Maintaining the status quo for bill payments throughout separation is beneficial because it helps prevent unnecessary contention between spouses. As the divorce process unfolds, couples may argue over various decisions, such as child care, property division, and debt allocation. By enforcing each spouse to maintain the bills they were capable of paying before separation, family units will have one less task to consider.

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naperville divorce lawyerThe divorce process opens the door to new discussions for partners. It can be challenging to know how to navigate the many gray areas uncovered throughout a divorce, such as how much spousal support will be awarded, who will stay living in the shared family home, and which financial assets belong to each respective spouse. One common question posed during a divorce is how to pay bills during the marriage dissolution process. In short, the answer to this question is that it depends. There are a few key distinctions to consider when deciding how to pay family bills during the divorce process.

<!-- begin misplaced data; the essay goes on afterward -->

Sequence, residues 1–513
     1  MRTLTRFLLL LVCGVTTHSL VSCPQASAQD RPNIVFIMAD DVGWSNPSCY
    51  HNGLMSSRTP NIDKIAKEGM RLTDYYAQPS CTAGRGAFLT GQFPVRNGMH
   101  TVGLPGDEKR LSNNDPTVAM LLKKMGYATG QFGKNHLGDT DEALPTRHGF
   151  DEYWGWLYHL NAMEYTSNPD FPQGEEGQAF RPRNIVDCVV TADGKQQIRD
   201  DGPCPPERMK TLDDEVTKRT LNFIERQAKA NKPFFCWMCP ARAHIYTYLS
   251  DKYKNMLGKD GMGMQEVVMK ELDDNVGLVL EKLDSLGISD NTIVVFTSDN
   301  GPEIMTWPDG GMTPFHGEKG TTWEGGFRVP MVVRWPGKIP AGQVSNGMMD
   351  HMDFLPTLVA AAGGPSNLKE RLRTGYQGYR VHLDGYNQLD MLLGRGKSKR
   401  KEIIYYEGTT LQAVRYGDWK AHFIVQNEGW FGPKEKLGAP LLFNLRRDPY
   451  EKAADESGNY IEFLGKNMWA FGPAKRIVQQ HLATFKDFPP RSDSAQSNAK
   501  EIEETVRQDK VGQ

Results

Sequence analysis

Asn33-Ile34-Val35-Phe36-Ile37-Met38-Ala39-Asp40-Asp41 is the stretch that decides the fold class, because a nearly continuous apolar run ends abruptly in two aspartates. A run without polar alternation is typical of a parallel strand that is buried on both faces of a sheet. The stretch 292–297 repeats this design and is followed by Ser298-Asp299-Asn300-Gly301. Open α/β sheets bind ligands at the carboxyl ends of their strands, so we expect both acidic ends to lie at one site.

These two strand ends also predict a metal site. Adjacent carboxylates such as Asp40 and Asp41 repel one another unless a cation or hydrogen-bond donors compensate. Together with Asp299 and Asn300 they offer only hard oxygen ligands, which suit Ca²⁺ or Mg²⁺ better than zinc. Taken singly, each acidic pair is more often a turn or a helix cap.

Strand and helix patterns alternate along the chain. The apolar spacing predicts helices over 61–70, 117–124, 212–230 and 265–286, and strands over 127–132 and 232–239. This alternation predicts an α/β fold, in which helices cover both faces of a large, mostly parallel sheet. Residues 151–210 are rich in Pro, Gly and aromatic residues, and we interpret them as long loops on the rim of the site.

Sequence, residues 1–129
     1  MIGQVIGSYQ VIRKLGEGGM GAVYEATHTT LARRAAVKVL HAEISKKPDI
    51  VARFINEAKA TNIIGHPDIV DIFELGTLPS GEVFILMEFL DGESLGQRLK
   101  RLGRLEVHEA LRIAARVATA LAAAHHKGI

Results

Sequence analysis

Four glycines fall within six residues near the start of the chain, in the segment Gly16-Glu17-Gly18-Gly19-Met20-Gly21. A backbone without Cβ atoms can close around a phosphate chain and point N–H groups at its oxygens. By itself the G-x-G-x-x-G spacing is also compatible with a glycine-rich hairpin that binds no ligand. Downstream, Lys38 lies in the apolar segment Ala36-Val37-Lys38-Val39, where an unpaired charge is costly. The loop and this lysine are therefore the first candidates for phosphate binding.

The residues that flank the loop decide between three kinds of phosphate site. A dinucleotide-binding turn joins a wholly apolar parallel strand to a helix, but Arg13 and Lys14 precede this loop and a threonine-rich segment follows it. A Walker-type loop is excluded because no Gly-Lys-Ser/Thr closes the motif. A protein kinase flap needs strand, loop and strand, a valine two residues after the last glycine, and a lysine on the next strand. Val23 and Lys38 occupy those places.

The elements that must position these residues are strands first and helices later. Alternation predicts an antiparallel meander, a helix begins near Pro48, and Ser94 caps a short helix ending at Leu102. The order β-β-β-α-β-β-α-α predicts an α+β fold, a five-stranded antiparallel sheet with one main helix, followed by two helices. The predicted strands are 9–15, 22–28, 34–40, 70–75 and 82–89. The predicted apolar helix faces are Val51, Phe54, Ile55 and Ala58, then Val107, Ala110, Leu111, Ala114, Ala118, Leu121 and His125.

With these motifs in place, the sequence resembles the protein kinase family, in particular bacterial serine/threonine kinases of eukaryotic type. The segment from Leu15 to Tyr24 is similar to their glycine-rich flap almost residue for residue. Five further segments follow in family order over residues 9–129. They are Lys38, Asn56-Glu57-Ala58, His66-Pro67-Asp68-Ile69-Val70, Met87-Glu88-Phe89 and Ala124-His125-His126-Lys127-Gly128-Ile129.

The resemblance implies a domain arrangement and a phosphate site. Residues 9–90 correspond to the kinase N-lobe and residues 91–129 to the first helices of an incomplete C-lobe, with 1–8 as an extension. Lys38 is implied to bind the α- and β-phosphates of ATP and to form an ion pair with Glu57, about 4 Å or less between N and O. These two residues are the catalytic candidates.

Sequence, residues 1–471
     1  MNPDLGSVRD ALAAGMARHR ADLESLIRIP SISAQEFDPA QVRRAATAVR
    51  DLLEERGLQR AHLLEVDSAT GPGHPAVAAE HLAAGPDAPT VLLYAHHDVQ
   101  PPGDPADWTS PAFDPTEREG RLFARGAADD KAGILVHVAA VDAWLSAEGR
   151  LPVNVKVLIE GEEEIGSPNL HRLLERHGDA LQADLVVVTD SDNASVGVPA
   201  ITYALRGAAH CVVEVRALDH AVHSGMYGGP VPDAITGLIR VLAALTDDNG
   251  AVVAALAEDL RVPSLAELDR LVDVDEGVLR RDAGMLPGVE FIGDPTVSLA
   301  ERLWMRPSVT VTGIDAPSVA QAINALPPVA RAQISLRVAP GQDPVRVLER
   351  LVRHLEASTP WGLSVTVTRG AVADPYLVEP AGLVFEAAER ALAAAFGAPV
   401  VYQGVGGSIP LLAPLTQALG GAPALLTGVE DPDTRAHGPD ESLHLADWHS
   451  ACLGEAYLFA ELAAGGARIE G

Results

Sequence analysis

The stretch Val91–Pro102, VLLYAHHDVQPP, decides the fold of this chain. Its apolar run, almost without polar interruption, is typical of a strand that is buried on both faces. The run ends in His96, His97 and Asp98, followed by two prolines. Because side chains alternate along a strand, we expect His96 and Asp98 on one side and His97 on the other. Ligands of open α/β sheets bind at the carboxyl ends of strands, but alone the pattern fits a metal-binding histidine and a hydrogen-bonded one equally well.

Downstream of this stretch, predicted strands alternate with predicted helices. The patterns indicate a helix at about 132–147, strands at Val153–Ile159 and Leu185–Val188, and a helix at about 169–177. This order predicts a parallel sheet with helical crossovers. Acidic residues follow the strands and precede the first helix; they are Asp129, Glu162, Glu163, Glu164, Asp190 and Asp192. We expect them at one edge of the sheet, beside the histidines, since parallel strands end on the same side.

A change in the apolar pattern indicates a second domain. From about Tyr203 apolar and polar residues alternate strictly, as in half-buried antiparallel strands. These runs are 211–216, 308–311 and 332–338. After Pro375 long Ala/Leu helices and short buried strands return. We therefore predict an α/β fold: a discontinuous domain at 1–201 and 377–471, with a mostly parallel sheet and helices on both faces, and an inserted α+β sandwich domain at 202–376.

Consideration One — Joint and Separate Assets  

In Illinois, whoever owns the financial asset, whether a mortgage or other payment, is responsible for maintaining that payment, even throughout a divorce. If you and your partner share the deed to the house, you are both responsible for paying the mortgage until the divorce is finalized. Couples should consider which assets are individually owned and which are shared to create a plan for maintaining those bills throughout a divorce. 

Consideration Two — How are the Bills Already Split?

How are bills currently split between you and your partner? Do you both have a system that is working for you? Has one partner decided to stop paying their portion of bills? Has either of you had a change in income or job status? 

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shutterstock_298029158.jpgChoosing to divorce your spouse is a difficult decision. There are various reasons that couples make the final decision to dissolve their marriage, from infidelity to unmatched values. Illinois is a no-fault divorce state, which means that spouses do not need to express the reasoning behind the divorce. In a no-fault divorce, the only grounds for divorce are irreconcilable differences.